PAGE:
British Airways has phased out the Boeing 767 after nearly 30 years of operations with the airline. On the evening of November 26, its last scheduled 767-336ER service, operated by G-BZHA (c/n 29230), arrived at Heathrow from Larnaca, Cyprus. G-BZHA and sister aircraft G-BZHB (c/n 29231), withdrawn from use the previous day, were subsequently lown to St Athan for storage and eventual scrapping.
There they joined other ex-BA 767s recently sent by the airline to the Welsh airield for disposal, including G-BZHC (c/n 29232) and G-BNWZ (c/n 25733), phased out from service in early November and late October respectively.
The retirements of these aircraft concluded a gradual winding down of 767 operations by BA in recent years since the mid-2013 introduction of the more eicient Boeing 787 Dreamliner. BA had put the 767 into service back in February 1990 and once predominantly operated the type on its long-haul network. As more Dreamliners have arrived, the 767s moved solely to short-haul operations, with the aircraft’s regular routes recently including Amsterdam, Athens, Frankfurt, Larnaca, Istanbul, Rome and Stockholm. The 767s also substituted for Airbus jets in BA’s short-haul network as required and for charters to European destinations; in the weeks before retirement, for example, they were used on rotations to Hanover, Pisa and Treviso.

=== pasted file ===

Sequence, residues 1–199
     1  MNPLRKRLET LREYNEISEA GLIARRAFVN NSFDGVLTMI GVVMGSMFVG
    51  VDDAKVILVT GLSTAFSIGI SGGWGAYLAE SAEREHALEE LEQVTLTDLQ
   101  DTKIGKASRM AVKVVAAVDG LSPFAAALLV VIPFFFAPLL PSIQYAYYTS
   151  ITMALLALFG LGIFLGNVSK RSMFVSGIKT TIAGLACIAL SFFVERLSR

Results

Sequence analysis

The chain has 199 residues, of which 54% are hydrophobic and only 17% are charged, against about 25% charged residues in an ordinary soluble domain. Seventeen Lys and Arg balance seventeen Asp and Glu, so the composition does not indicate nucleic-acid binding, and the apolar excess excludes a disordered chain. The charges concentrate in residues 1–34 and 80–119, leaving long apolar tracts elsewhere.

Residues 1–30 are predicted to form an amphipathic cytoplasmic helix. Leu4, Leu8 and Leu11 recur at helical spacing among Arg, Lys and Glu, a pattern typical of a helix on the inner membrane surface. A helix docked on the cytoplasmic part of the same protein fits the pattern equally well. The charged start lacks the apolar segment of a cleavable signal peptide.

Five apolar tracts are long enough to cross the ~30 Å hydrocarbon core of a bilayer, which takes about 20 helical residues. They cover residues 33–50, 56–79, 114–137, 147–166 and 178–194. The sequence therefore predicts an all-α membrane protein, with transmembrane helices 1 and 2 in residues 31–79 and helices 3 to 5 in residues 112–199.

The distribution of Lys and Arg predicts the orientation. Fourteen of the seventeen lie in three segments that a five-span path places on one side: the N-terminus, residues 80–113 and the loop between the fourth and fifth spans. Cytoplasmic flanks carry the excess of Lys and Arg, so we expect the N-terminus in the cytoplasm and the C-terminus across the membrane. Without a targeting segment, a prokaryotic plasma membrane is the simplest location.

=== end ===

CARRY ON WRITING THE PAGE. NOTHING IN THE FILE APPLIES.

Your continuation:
In total, BA used 28 examples of the 767, with the fleet collectively carrying out more than 425,000 commercial lights over the years. The most frequent service on which it was used was Frankfurt, on which it completed nearly 15,000 rotations. British Airways Director of Flight Operations, Captain Al Bridger, commented: “The 767 has been a brilliant part of our fleet, lying some of our most popular routes and giving customers what was an industry-leading service in its time.”
The 767’s retirement took place shortly after BA received its 12th and inal 787-8, G-ZBJM (c/n 60631), which joins the airline’s 18 787-9s. The current 30-aircraft 787 fleet with BA is set to grow further to 42 aircraft by 2023, thanks to 12 787- 10s, deliveries of which will start in 2020 according to parent company IAG’s latest fleet plan.